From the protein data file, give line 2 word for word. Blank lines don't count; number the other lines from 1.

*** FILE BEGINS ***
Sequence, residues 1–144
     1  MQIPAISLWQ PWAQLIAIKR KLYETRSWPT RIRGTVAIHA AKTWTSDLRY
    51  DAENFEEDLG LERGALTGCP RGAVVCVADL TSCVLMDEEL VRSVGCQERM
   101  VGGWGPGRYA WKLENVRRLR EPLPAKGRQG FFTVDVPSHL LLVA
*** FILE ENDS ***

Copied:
     1  MQIPAISLWQ PWAQLIAIKR KLYETRSWPT RIRGTVAIHA AKTWTSDLRY